Defining My Life With Chronic Illness

For anyone who lives with chronic illness or has a family member or friend who lives with chronic illness, the days can certainly be a challenge. No one knows if a day will be good or bad, only that the days will be. We hear that lupus is a “chronic illness”. Most of us accept this at face value. I would like you stop for just a short time and ask yourself do you really understand what “chronic illness means”? Or do you simply accept the diagnosis of lupus, hear the words “chronic illness” and go about trying to control the symptoms?

I think if each person who has to live with lupus, or any other chronic illness actually took a little bit of time to understand those two words, they would gain a lot of insight in to their lives, the changes they might need to make to live successfully with a “chronic illness” and even gain some sort of control over, or peace in, living this new way of life.

Here are just a few ways to define chronic illness. As you read them, note the words in bold text. They are there to provide guidance and understanding of what patients of “chronic illness” live with everyday.
A chronic disease is:

• A disease that is long-lasting or recurrent
• An illness that persists for a long period of time
• A condition that is long-term or permanent, as opposed to acute, and which needs to be managed on a long-term basis
• A condition that lasts a year or longer, limits activity, and may require ongoing care
• An injury, illness or condition, which does not require hospitalization, which may be expected to be of long duration without any reasonably predictable date of termination
, and which may be marked by recurrences requiring continuous or periodic care as necessary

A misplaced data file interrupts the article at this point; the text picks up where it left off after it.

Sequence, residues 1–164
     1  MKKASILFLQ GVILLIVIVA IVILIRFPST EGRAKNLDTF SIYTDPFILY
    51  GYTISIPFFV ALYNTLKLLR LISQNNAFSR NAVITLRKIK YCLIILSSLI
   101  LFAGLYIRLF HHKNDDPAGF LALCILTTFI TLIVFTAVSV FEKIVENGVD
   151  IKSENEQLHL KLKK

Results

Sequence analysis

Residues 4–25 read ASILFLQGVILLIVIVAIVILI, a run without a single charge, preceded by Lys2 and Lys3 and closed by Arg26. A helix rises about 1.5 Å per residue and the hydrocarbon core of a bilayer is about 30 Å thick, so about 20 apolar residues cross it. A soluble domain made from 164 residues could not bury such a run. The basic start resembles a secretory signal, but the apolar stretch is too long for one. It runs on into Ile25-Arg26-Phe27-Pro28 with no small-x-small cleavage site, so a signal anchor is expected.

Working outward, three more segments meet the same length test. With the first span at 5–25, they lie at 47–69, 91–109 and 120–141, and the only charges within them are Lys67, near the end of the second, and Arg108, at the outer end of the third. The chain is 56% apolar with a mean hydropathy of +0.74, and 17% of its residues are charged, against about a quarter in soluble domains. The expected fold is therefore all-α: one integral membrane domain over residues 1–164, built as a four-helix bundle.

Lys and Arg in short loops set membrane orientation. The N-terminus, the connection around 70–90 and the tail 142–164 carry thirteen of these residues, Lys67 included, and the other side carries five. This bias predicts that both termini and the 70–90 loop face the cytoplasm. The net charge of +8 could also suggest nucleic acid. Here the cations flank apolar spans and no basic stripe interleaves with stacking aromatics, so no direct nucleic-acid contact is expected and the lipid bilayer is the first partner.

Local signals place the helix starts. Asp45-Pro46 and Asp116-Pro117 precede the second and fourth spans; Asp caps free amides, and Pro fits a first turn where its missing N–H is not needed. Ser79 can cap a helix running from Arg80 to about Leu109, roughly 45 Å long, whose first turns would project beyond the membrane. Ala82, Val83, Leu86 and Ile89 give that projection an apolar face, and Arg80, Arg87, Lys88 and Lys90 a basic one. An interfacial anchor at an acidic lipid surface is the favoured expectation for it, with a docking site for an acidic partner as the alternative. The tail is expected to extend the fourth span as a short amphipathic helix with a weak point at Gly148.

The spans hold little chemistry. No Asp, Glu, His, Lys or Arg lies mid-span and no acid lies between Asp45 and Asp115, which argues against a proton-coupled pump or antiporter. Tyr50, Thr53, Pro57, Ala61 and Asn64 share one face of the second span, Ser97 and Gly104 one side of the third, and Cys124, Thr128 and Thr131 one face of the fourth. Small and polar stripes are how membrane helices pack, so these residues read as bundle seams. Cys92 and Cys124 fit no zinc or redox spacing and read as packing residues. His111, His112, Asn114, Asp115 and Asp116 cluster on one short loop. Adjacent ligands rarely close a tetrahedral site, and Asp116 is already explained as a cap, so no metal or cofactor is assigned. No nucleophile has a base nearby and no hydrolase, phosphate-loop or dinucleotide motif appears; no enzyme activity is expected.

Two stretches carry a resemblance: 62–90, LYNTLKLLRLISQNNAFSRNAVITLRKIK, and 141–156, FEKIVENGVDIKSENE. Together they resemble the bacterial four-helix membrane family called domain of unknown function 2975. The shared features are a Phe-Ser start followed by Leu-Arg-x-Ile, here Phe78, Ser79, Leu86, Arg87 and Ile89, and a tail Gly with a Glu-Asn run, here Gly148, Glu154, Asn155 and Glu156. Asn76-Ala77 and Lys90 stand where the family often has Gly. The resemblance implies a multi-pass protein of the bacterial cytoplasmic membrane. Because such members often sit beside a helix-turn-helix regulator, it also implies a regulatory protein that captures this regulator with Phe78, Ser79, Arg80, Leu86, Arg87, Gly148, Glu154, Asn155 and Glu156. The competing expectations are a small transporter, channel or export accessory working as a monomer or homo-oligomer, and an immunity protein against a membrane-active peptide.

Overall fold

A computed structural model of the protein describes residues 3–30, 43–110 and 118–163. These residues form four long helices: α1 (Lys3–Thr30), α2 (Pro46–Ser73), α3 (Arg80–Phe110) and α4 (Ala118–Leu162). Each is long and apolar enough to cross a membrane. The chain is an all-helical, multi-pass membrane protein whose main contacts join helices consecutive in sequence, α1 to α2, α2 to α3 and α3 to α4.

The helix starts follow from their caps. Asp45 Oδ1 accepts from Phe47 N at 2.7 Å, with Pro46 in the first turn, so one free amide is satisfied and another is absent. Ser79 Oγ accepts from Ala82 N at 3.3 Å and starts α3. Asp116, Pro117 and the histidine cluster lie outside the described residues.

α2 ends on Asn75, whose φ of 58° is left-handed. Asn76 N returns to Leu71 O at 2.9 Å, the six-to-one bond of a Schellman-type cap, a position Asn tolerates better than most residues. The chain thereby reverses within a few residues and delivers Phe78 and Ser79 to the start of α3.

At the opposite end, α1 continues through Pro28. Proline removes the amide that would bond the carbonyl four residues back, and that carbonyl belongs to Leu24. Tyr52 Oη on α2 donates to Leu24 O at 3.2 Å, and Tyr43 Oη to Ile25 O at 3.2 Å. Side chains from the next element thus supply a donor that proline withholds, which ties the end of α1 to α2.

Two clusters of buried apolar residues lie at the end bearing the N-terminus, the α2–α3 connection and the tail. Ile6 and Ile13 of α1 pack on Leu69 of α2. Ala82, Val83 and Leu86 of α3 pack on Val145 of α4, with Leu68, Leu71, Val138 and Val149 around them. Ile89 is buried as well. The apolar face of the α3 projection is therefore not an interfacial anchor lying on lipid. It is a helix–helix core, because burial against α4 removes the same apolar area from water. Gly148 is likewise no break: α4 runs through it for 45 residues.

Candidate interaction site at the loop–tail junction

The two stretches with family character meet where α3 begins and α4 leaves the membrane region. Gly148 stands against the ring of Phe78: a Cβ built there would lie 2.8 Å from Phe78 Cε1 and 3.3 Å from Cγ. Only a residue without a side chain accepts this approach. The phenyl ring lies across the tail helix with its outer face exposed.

• Long-term or permanent illness that often results in some type of disability and which may require a person to seek help with various activities
• A persistent or recurring illness or set of symptoms

These words, if read in the wrong frame of mind can be interpreted as extremely depressing. They are not meant to be. They are meant to be realistic, motivating, and encouraging. How is that possible?
First, when you read these words you will see that most “chronic illnesses” have no end in sight. How depressing is that? If would be if that is all you focus on. But change your focus for just a minute and see that this is your new life. No one’s life is ever constant without changes. Those of us who live with “chronic illness” simply have changes that manifest themselves medically. We need to find a way to live life, just as you have lived before.

Long, long, long. You will see those words all over the above definitions. Managed on a long term basis; long-lasting. The one place it doesn’t say long is when it comes to your life. Most lupus patients live a long, though changed life. With early diagnosis and proper care long can be a good word in your life.

Recurring illness or set of symptoms? Well, I for one am glad that the symptoms are recurring and not forever changing. I have pain in my back, and I know how to deal with it. I have severe headaches and have just the medicine to take for it. I have nausea and carry Zofran to combat that symptom. I have chronic pain but have learned how much to deal with it and when to seek pharmaceutical help. I live with fatigue and know when enough is enough and that it is time to rest. I know that I cannot go out in to the sun or I will be in bed for the next few days. All of these are my recurring symptoms. Now, throw in something new, a non-recurring symptom and I am lost, confused, panicked and will probably race to the doctor immediately or even worse, call the ambulance.